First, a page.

The Cabots and other Brahmins have constructed their image as God-talking Bostonians in part by keeping their wealth and name discreet, even as they made massive donations to the city’s institutions. The Cabot name at Tufts, then, is a rare sighting of the opium heritage that permeates familiar spaces across Boston.
Jingya Guo (MA’18), who studied Chinese history at Tufts, reflected on this connection, saying, “I walked by the Cabot Center everyday, but I never knew its opium history.” Menglan Chen (A’16), a Masters student in East Asian Studies at Harvard University, added that she often comes across travel journals that describe the decrepitude of opium addicts throughout China in her own research, but she too was unaware of the Cabot connection. “I am not surprised that the Cabots were involved with the opium trade, but I am surprised by how we have forgotten that history,” Chen said.
If the Sackler name were to be changed, Tufts would be forced to contend with the forgotten history of the Cabot name as well. Opium was consumed in China long before the Cabots arrived, and opioid abuse had hit America before the Sacklers created OxyContin (the drug heroin, for instance, was first marketed as a non-addictive, over-the-counter pharmaceutical). Yet both the Cabots and the Sacklers participated in creating and supplying large-scale markets of addiction, and then donated their earnings to institutions like Tufts.
Priyanka Padidam (A’18), who co-wrote the April Observer article on the Sackler School, discussed the importance of interrogating names such as Cabot and Sackler for initiating difficult conversations on campus. In an email interview she wrote, “The question of changing the name necessarily leads to bigger questions about where money comes from and goes within the university, and what and who benefits from the university’s money.”
But little concrete action has been taken around changing the Sackler name since the family’s involvement in the opioid crisis was discussed in Esquire, the New Yorker, the Tufts Daily, and the Observer. Some members of the University have been involved with cross-University petitions, such as the “Anti-Sackler Medical and Biomedical Petition,” currently signed by 28 members of the Tufts University School of Medicine (TUSM).
Shreya Bhatia (A’17) is a second-year student at TUSM, where she attends classes such as “Addiction Medicine” in a building named Sackler. “Ironically,” she said, “a lot of the care we are giving is to people who have opioid dependence that is connected to the Sacklers.” But Bhatia is skeptical about what changing the name will accomplish unless Tufts “both officially and unofficially acknowledges this issue” by raising awareness about the University’s connections to the opium trade and crisis. “If some first-year medical student comes to this building and it has a new name, but they don’t know that the money for it came from the Sacklers, what is the point?”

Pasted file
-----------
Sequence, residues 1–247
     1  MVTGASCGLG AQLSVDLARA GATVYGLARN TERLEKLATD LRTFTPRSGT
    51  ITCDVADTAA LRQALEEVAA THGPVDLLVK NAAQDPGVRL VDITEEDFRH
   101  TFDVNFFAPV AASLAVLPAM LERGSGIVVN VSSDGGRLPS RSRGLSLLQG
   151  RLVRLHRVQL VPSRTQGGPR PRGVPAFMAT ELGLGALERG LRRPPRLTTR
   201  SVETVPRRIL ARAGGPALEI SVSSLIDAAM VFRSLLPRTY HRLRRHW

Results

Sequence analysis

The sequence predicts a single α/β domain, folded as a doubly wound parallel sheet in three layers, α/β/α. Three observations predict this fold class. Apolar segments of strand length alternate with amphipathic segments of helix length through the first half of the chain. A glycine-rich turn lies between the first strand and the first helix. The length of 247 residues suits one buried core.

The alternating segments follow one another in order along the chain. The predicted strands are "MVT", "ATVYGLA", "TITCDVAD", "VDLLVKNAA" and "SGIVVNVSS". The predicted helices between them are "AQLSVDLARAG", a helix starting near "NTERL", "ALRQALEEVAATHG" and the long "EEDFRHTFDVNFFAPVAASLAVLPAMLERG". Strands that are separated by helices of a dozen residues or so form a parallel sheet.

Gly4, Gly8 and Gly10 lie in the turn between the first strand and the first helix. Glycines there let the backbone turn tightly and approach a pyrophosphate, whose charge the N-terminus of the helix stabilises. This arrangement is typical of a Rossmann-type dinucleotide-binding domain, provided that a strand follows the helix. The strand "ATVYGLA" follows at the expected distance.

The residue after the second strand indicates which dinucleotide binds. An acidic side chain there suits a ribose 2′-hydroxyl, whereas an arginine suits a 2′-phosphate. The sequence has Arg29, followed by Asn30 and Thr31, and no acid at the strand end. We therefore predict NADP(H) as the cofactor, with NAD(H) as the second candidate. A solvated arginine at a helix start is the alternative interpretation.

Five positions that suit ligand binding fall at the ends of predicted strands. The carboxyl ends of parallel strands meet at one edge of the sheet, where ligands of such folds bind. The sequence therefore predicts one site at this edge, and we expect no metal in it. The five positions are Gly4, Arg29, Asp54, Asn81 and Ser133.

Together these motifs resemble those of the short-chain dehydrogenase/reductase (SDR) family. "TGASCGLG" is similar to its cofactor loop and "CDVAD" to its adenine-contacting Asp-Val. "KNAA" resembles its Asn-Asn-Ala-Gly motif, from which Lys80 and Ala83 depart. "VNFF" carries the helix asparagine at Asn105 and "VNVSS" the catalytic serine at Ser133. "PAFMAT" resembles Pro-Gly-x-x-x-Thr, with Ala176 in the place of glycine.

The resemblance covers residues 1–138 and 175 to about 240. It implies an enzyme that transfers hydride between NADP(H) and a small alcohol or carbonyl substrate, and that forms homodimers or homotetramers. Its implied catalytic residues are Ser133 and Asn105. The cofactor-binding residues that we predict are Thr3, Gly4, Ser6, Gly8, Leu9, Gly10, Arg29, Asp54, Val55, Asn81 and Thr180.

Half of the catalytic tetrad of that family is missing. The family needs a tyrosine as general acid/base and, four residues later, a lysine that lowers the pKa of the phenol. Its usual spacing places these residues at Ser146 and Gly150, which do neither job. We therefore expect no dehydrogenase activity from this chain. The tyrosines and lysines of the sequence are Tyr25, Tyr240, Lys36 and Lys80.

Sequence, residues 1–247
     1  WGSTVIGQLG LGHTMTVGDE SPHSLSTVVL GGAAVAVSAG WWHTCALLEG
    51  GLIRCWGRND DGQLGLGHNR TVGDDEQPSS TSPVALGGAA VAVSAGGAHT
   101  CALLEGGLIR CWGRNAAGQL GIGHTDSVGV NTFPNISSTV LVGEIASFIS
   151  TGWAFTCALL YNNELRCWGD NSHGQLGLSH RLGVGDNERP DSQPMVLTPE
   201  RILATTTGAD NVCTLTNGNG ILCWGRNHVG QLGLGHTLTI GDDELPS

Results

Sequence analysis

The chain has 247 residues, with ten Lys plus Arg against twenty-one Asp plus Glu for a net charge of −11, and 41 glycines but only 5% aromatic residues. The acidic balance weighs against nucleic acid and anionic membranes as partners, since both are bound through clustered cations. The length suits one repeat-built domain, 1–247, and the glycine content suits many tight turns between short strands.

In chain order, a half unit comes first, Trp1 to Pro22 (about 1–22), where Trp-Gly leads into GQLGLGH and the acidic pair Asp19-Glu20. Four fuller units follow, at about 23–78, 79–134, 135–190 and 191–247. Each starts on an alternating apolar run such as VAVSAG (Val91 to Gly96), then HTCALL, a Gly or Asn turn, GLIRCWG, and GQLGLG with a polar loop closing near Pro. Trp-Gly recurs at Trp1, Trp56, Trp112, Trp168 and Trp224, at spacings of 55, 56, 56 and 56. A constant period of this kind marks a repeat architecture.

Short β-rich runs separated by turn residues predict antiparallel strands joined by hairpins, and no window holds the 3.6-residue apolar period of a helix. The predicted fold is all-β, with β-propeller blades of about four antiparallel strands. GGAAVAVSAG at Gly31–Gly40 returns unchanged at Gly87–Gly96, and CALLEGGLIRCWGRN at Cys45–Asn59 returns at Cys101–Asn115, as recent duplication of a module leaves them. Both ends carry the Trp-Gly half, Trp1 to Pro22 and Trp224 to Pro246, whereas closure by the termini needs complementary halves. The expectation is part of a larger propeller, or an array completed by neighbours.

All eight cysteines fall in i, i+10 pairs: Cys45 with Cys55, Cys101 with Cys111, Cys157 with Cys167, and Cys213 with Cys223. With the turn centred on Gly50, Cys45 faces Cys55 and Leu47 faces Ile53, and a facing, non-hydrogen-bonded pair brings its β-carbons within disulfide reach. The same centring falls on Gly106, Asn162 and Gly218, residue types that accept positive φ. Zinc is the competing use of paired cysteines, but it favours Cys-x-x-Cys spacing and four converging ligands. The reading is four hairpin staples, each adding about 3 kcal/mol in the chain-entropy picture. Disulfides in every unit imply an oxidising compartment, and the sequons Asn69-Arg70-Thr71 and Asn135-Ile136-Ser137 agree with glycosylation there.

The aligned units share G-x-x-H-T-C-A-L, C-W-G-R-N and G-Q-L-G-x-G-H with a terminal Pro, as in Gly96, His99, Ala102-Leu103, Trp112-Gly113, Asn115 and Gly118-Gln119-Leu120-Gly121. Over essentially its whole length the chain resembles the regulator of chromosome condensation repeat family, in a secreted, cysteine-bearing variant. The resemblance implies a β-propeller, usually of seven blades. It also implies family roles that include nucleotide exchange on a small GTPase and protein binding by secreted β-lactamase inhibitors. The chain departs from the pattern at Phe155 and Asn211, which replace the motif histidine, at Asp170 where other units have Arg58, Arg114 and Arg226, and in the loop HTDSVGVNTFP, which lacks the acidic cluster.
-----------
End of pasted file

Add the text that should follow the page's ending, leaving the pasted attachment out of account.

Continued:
Ayesha Jalal, a Professor of History at Tufts, also voiced concern that changing names could allow the University to erase, instead of raise awareness about its entanglement with histories of imperial capitalism. “Why do we have to disguise the awkward truth?” she asked.
Renaming spaces would also require judging the past by the moral standards of the present, which Art History Professor Andrew McClellan called “tricky business.” He noted, “If we start going down that road, we have to go down it completely. We can’t cherry-pick which moral issues we care about, because that creates a kind of myopia that doesn’t serve us in the end.” If we wish to change the Sackler or Cabot name, he argued, then we must investigate history systematically, and change the name of the very land on which Tufts sits to honor that it was stolen from the Wampanoag people.
Other faculty and students interviewed unanimously agreed that renaming individual cases such as Sackler or Cabot has important symbolic value, but by itself this would never be enough. Professor of History Kris Manjapra argued that names such as Sackler and Cabot are only symptoms of “the troubling ways in which the familiar is steeped in historical forms of domination, dispossession, structural racism, and inequality.”
“If the problem is a social problem, how should our solution be a social solution?” he asked. “Renaming must have social transformation below it.” Senior Ria Mazumdar, a member of the Left Unity Project (LUP) and South Asian Political Action Committee (SAPAC), suggested that this “social transformation” requires educating and re-educating the campus about its history, its implications for the present, and “communicating to students the gravity of the issue at hand.”